I've been following a current post on a T120 with a blown head gasket and have a friend with a similar situation. I measured his head warp at .004" and the local shop wants to skim it but I told him to straighten it after reading it here from J.H. I searched but gave up, thumbed through countless Vintage bikes to no avail so could someone give me the specifics on the procedure please? I'll make up a steel surface plate but need idea on oven temp. etc. Thanks, Mark
Remember these guys are working on a much larger casting, this is a job you learn by doing and failure should always be considered a part of the learning curve.
While slower, I prefer to use an oven. I also keep the temperature closer to 350° F to 375° F rather than the 400°F recommended. The problem is if you get the head too hot you anneal it, and that is not good. I also check the head after one hour. This requires letting it cool. 25 to 30 foot pounds is enough to reverse the bend. It takes a bit of practice! You have to be careful heating a late Triumph head, with replaceable valve seats, more than 350° F as the valve seats could drop out.
If you only have to remove .004" skimming it is an option, but don't forget to check the push rod tube O ring crush which was the cause of the original bend.
If its less than 0.005",I'd consider doing it cold;or at least warm enough to still handle (like drop it into boiling water when its clamped up). I can't see any reason for not using a cylinder barrel as a fixture,with 4 outer head-bolts being fitted at the centre positions on the head. If you put shims(like playing-cards,or gasket material)on the outer parts of the head,just covering the outer bolt holes,wouldn't this work?If you then need to bend (straighten) it a little more,just put in the exact amount of extra shim,and go again. Just a thought.I haven't straightened a Triumph head,but I've straightened a lot of other things (like con-rods).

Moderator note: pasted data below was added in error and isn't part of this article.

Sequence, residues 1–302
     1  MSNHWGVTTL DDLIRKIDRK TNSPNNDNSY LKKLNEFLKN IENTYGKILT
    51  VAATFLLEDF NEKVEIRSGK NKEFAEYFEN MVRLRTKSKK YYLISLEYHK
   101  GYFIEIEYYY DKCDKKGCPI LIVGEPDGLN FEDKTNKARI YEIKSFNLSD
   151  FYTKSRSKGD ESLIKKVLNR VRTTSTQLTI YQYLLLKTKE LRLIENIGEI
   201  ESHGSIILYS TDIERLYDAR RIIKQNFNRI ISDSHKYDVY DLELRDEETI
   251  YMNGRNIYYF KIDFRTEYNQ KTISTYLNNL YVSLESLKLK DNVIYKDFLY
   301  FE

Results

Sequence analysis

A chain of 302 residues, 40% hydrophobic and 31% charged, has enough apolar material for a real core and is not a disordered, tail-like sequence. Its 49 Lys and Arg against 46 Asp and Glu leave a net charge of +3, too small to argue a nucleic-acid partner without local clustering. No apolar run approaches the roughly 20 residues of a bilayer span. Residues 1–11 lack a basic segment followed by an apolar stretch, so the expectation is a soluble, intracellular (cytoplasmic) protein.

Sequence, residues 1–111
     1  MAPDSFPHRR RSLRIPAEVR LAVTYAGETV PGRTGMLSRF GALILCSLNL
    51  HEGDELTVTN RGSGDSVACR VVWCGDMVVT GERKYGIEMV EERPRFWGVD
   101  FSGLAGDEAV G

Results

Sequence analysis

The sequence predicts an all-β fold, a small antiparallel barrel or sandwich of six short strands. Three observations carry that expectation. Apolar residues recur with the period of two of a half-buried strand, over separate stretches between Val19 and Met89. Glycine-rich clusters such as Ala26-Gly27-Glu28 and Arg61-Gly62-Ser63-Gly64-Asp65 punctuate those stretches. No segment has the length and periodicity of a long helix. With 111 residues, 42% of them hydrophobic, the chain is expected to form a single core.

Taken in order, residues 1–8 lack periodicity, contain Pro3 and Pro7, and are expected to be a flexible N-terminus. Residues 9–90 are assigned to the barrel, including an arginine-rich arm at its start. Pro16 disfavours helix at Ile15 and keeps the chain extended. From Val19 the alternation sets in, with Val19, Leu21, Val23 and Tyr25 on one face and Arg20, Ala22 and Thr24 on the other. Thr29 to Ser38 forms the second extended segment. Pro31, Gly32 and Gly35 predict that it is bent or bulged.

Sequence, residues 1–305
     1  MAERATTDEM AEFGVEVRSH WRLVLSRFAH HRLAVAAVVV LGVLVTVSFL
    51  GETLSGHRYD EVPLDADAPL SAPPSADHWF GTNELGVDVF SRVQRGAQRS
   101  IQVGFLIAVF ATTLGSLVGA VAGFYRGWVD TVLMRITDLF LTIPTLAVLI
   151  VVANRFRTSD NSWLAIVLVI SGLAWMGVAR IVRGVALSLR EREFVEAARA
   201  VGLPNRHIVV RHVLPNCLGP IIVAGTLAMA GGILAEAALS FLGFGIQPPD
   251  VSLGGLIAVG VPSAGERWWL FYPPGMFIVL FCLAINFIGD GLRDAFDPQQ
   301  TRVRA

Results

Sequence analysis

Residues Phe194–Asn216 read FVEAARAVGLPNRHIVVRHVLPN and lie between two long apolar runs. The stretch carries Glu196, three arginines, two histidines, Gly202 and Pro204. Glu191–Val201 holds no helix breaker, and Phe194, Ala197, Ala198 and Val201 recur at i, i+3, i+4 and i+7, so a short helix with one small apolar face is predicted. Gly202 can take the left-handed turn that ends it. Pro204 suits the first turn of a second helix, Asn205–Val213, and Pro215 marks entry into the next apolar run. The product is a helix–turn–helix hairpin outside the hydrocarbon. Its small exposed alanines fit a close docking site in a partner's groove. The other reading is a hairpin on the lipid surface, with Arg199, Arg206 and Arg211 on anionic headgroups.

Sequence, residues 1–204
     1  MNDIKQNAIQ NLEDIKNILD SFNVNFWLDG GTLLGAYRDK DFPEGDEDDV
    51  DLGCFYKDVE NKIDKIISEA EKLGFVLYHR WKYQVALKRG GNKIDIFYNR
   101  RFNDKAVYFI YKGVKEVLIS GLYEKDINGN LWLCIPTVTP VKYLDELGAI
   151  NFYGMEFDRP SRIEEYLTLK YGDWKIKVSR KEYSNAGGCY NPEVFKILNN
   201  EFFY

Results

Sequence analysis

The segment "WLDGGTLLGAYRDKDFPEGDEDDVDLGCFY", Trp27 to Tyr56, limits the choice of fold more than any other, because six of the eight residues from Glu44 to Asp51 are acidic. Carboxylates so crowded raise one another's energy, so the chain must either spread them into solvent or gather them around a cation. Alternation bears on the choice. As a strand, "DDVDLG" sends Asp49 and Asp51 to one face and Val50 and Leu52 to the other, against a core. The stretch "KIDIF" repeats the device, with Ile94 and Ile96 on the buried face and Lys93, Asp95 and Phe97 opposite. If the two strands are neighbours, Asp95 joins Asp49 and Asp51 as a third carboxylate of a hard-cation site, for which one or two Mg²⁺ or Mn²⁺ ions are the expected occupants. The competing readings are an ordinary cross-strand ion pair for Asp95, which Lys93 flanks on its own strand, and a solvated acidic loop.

I can't see any reason for not using a cylinder barrel as a fixture,with 4 outer head-bolts being fitted at the centre positions on the head. If you put shims(like playing-cards,or gasket material)on the outer parts of the head,just covering the outer bolt holes,wouldn't this work?If you then need to bend (straighten) it a little more,just put in the exact amount of extra shim,and go again.
An old cylinder does work as a straightening jig, I straightened a T140 head last year using a junk 650 cylinder just as you describe. My head was bent about .006", so I used .006" and .007" feeler gauges placed at the outside edges of the cylinder as shims, then I heated it in my home oven for an hour at 250F (I was afraid to use a higher temperature). It took out about 2/3 of the warp, and I called it good.